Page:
There is enough evidence to prove that individuals who smoke have a higher predisposition to periodontal destruction [35]. Consumption of tobacco-based products on a long-term basis has led to periodontal disease progression [36]. Risk factors like smoking alter the host immune response, inhibiting bacteria's activity and forming dental plaque [37]. Smoking individuals with periodontal disease do not present with inflammatory signs and bleeding of the gingiva because nicotine consumption is responsible for local vasoconstriction and declined blood flow [28, 38]. According to a previous study, the Southeast Asian region houses 400 million tobacco users, of which the males form the majority of the smokers, while their female counterparts indulge in smokeless tobacco use [39]. In South Asian countries such as Bangladesh, three out of five adults were exposed to second-hand smoke [40]. An area of grave concern is the mortality caused by tobacco consumption, which was found to be approximately 135000 each year according to previously obtained data [41]. In countries such as India, Sri Lanka, and Myanmar, there is high consumption of smokeless tobacco, which is highly addictive [42]. Tobacco consumption claims more than 1.6 million lives in the Southeast Asian region annually, which also ranks among the largest producers of such products [43]. The Southeast Asian region accounts for 81% of the world's smokeless tobacco users and more than 22% of the adult smokers globally, which makes it a worrying problem [43] (Table 2) [44].


Periodontal disease is a dormant disease that does not show many clinical characteristics unless severe progression occurs. Geriatric research has shown that older adults lack nutrition due to loss of teeth and deteriorated periodontal health [45]. Conditions such as loss of teeth, loss of bone, and gingival recession directly impact aesthetics and indirectly influence an individual's quality of life [46]. The periodontal health status of an individual is essential to maintain the teeth firmly in their place. When periodontal health is ignored, halitosis becomes a barrier to an individual's social well-being [47]. Improper alignment of teeth again leads to bad aesthetics, which might hinder the social capabilities of a person and affect different aspects of one's life, such as employment, speaking arrangements, and public image [8]. Several studies have been conducted to help associate an individual's periodontal health with cardiovascular disease, stress, and obesity. Periodontal health and pregnancy have a similar relationship with metabolic syndrome and inflammatory response [8].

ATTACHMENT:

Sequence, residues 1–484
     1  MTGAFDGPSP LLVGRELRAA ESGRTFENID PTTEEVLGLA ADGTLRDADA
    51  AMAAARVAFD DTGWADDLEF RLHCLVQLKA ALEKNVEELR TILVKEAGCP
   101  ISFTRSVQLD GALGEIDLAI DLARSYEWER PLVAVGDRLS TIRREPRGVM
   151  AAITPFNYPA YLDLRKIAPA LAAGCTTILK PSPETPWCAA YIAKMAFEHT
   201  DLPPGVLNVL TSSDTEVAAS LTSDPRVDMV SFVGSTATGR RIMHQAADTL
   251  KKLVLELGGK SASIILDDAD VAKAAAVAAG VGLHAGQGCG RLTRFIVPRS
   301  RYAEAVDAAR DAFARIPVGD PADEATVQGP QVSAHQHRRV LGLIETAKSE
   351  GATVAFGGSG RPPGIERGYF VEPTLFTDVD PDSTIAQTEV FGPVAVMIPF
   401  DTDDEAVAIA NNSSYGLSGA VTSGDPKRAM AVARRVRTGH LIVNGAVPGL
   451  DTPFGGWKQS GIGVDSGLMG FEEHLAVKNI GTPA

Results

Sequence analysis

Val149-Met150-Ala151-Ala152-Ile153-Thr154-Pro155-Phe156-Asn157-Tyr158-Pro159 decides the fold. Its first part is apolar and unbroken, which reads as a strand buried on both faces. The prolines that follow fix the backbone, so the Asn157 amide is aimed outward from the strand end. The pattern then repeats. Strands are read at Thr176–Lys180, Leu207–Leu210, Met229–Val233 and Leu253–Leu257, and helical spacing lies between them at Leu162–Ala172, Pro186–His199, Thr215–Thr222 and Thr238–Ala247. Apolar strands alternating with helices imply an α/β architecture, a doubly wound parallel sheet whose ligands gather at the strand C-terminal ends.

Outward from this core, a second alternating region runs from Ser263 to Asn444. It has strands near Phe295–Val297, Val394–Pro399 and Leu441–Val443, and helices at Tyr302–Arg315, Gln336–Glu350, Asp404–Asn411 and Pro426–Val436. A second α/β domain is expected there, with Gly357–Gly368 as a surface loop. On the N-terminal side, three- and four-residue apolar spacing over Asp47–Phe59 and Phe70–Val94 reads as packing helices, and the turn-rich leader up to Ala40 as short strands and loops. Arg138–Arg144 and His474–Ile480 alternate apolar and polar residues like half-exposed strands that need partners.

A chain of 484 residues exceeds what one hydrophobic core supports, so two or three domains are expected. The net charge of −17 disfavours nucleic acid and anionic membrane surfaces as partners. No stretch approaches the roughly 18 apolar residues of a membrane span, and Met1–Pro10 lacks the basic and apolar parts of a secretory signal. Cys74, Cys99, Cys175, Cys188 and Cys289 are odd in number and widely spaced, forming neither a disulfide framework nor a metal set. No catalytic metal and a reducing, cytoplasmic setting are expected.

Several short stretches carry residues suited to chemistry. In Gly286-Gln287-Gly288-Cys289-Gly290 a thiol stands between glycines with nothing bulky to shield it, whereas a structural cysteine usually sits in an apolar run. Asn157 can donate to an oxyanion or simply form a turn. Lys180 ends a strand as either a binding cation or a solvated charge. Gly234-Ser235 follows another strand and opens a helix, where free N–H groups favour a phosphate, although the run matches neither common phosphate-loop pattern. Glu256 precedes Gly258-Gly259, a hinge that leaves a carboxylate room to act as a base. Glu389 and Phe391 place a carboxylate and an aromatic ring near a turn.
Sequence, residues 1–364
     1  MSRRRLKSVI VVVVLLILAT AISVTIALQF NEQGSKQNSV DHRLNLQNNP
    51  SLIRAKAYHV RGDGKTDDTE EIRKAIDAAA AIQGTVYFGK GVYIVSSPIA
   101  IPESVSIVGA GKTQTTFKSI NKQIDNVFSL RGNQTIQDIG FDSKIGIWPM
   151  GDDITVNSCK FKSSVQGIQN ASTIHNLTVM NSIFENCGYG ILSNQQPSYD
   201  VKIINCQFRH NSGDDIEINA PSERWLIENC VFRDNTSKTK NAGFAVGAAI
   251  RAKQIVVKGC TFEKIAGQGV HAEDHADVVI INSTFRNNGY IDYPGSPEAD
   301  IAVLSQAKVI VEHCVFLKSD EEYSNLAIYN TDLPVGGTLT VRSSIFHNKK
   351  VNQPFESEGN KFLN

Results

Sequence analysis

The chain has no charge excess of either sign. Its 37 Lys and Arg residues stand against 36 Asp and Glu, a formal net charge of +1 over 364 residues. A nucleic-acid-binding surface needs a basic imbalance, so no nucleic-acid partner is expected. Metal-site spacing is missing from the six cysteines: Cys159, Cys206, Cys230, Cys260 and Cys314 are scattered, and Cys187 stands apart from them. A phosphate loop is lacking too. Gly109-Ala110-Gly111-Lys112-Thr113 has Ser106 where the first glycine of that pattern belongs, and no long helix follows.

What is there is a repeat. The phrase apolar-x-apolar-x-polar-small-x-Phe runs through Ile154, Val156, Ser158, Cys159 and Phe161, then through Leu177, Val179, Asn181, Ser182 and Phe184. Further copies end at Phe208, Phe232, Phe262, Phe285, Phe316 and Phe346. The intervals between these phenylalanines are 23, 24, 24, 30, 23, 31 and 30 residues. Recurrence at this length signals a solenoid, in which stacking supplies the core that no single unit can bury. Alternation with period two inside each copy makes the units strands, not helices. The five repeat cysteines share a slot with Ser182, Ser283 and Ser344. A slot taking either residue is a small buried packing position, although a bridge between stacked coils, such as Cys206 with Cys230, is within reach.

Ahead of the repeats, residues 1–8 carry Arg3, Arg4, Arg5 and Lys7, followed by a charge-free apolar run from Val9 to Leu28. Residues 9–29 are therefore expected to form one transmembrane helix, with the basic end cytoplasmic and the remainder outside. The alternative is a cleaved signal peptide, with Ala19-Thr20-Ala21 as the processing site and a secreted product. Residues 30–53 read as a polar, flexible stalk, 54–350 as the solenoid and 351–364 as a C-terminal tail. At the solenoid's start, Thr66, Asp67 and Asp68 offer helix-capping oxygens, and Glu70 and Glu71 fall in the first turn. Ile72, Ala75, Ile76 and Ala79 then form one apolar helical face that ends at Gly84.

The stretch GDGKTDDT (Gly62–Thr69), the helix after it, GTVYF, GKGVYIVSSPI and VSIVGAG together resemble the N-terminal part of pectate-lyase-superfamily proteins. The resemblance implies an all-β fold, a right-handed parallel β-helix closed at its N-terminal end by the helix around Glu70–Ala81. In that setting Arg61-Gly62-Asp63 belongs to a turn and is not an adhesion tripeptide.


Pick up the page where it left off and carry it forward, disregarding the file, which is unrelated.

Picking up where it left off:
To summarize, periodontal health literacy levels are low among the South Asian population, and many practices are influenced by age, literacy, and culture. The factors mentioned above must be considered if preventive and interventional programs are planned in this region to improve periodontal health. There needs to be an in-depth analysis of cultural factors across this region to understand and implement periodontal health improvement programs.

Though the periodontal disease has a direct and indirect association with various systemic conditions, its importance is only being realized in developing regions such as South Asia in the past few years. Factors like tobacco usage and alcohol consumption significantly affect periodontal health. The risk factors that can be altered must be included in public health awareness campaigns to understand better individuals who indulge in a few or many of these habits. This review details the factors that influence periodontal health both directly and indirectly and helps get a better understanding of how to improve the Quality of life.


WHO = World Health Organization
NSAIDs = Nonsteroidal Anti-Inflammatory Drugs
SES = Socioeconomic Status


Not applicable.




The authors declare no conflict of interest, financial or otherwise.


Declared none.